In factor 3 (belongingness), the answer with the highest percentage (30.6%) was not having an opinion about it, and the other answers together revealed the tendency of workers to provide a negative evaluation (37.5%). This factor ranked second - after factor 5 (interpersonal relationships) - in dividing opinions, and had the highest percentage of very negative answers (27.8%).

Likewise, in factor 4 (easiness), the most expressive number was related to not having an opinion about it (33.3%) and this factor gathered more answers, which revealed the workersʼ tendency to provide a negative evaluation (36.1%).

In factor 5 (interpersonal relationships), the workersʼ opinion was divided into extremes: 51.4% of workers provided a positive evaluation and, of those, 41.7% evaluated it very positively, while 47.2% of respondents gave a negative evaluation and 31.9% out of them assessed it very negatively. This factor showed the highest number of very positive answers and very negative answers. It concentrated most of the negative opinions.

The result of evaluating factor 6 (personal life) showed that, although 22.2% of workers answered they did not have an opinion about it, most of them (52.8%) provided a positive evaluation. This factor - after factor 5 (interpersonal relationships) - divided opinions, and had the highest percentage of very positive answers (27.8%).

Except for factor 5 (interpersonal relationships), the percentage of answers demonstrated the workers did not have an opinion about it, showing, as in factor 2 (approval), where this event was observed more significantly, that they did not know the implications of a quality program, neither the quality program of the organization. It was also observed that, in four out of six factors, positive answers were prevalent.

DISCUSSION

This is a public healthcare organization, a reference in the macroregion, designed to develop quality care, teaching, research and extension activities. However, like other healthcare organizations in Brazil, it faces several challenges, including insufficient funding and issues related to internal and external policies that hinder efficient management of the services.(8,9) Although the organization provides care resources that are not very common in the region and renders relevant work to the population, infrastructure and state-of-the-art pieces of equipment and highly skilled professionals contrast with deficiencies in care processes, which are supported by inefficient support services and disarticulated institutional processes,* (in disagreement with what is required from high complex organizations that demand reliability in their modus operandi. This practice addresses some concepts, such as sensitiveness to operations, mainly in processes affecting the patient directly, understanding the reasons that put the patients at risk, and willingness to hear and answer the to the workersʼ ideas, who know how the processes really work and how the patients are exposed to risks.(10)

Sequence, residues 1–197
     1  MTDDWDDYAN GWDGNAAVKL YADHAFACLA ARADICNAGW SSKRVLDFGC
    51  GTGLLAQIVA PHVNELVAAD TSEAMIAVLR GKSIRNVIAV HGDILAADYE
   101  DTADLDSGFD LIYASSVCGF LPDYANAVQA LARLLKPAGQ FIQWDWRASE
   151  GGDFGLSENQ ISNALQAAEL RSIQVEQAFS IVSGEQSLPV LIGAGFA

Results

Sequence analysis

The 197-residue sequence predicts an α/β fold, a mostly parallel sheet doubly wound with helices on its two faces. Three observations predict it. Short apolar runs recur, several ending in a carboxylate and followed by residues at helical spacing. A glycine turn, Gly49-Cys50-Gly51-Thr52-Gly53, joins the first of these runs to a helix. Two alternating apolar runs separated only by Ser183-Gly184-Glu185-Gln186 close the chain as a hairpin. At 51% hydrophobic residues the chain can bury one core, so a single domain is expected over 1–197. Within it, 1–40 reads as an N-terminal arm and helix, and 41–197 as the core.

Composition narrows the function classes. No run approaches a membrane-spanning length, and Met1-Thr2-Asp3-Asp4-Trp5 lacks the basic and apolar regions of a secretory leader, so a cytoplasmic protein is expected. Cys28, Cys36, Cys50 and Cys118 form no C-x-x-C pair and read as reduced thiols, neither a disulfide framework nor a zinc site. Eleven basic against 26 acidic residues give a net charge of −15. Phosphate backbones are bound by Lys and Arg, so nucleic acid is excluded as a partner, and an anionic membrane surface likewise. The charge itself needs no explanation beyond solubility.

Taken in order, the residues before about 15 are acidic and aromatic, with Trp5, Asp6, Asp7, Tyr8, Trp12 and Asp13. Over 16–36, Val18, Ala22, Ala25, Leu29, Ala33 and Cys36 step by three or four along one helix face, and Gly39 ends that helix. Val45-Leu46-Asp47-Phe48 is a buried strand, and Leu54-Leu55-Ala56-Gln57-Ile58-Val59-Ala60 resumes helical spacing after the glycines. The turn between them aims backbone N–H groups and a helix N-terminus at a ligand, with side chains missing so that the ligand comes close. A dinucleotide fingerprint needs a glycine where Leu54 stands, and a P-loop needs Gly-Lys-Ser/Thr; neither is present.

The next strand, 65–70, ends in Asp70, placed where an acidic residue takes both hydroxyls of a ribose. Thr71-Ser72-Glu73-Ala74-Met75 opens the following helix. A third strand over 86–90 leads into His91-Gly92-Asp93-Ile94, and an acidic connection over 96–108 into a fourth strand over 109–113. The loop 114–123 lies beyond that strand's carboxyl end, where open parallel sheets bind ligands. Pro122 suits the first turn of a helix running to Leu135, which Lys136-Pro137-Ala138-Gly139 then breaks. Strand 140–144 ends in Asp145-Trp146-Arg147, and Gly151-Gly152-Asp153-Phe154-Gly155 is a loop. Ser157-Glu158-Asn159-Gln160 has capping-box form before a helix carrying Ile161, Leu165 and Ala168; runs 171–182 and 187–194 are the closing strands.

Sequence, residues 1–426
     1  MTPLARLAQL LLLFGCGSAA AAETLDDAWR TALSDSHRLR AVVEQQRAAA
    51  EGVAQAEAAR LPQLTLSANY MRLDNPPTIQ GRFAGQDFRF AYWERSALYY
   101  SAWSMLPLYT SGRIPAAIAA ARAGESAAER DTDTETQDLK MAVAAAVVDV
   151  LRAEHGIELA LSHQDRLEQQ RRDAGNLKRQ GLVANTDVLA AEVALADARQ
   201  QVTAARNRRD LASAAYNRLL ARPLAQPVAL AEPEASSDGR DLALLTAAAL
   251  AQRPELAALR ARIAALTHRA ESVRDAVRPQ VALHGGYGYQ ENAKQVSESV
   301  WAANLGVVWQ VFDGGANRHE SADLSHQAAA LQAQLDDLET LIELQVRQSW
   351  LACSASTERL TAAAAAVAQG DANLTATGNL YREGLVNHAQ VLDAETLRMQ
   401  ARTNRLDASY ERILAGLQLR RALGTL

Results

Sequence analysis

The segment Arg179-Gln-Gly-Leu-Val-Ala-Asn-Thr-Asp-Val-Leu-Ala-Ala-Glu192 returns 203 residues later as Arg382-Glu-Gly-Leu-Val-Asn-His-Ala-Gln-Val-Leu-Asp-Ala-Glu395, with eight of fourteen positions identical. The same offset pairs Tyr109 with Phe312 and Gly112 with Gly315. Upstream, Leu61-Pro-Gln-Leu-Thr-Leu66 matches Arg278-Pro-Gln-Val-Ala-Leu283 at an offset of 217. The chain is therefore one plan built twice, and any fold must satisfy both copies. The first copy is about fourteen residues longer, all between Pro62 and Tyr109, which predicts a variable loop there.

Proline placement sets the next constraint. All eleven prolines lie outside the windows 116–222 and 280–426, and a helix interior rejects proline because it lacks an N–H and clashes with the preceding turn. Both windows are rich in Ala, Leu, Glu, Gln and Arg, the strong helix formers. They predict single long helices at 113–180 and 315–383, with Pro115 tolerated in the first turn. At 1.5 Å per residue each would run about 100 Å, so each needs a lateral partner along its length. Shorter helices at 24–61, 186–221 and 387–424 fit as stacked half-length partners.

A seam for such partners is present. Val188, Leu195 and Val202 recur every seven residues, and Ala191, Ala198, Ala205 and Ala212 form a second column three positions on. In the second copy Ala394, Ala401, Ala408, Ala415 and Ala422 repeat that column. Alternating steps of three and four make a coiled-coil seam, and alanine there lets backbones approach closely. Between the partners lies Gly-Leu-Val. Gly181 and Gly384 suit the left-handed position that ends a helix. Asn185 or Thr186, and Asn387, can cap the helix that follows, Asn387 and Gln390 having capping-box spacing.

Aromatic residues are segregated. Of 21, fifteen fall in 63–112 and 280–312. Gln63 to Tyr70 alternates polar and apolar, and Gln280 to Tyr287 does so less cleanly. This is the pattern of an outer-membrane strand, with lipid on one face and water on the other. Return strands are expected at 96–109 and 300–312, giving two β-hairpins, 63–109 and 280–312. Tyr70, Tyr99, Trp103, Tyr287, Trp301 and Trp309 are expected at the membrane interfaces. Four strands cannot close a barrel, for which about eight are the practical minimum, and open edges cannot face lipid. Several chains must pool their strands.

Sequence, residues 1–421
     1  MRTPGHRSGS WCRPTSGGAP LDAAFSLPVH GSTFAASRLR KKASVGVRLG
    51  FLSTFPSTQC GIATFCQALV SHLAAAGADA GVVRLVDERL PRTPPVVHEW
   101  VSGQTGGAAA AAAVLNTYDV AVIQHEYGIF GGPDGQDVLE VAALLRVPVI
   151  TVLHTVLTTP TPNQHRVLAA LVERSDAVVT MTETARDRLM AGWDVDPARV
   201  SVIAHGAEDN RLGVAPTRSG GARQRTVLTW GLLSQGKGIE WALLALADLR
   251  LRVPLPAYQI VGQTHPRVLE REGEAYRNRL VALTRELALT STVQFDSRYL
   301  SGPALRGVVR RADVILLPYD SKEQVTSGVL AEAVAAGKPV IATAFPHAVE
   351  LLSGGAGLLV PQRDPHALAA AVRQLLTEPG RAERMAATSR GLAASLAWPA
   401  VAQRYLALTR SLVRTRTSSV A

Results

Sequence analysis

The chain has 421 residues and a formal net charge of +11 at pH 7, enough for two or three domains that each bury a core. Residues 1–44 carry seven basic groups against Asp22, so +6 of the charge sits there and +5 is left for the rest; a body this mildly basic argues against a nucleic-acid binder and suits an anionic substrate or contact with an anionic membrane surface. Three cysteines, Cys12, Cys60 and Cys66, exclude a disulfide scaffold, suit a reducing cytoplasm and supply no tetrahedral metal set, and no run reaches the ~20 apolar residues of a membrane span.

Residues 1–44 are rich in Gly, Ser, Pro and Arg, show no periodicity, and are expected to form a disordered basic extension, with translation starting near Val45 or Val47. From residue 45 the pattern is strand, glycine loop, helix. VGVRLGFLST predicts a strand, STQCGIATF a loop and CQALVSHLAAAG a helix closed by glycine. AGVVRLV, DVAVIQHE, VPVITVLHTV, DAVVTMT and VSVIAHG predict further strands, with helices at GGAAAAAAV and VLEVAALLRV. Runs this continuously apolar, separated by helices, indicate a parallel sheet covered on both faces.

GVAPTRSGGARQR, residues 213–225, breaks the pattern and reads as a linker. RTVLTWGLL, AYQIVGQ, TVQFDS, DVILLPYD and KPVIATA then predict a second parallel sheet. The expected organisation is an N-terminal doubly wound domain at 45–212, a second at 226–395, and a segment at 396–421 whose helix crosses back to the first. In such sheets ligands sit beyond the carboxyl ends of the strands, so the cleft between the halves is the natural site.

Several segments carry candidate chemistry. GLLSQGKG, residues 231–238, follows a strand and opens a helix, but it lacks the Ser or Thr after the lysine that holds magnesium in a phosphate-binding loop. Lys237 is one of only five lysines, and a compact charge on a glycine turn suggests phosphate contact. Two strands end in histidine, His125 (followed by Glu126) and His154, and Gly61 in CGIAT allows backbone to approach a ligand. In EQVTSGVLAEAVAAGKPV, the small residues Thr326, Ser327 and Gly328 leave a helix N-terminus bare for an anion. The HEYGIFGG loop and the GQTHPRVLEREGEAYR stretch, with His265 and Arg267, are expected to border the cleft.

Aiming at improving managerial methods, the organization decided to implement a quality management system which, in turn, faces operational difficulties, including low priority given to its emergence demands, scarcity of resources and issues of internal and external policies of privileges to some specific sectors/individuals/actions/programs; low autonomy, both in economic matters and in defining specific organizational policies, which reflects lack of credibility in its role as an intermediate between services and strategic level; scarcity of qualification, skilled human resources and work structures; difficulties in sharing the system responsibilities with leaders often limited in terms of managerial competences; difficulty in making workers involved; acting in a context disturbed by political instabilities and, lastly, issues related to resistance to change offered by the new proposal.**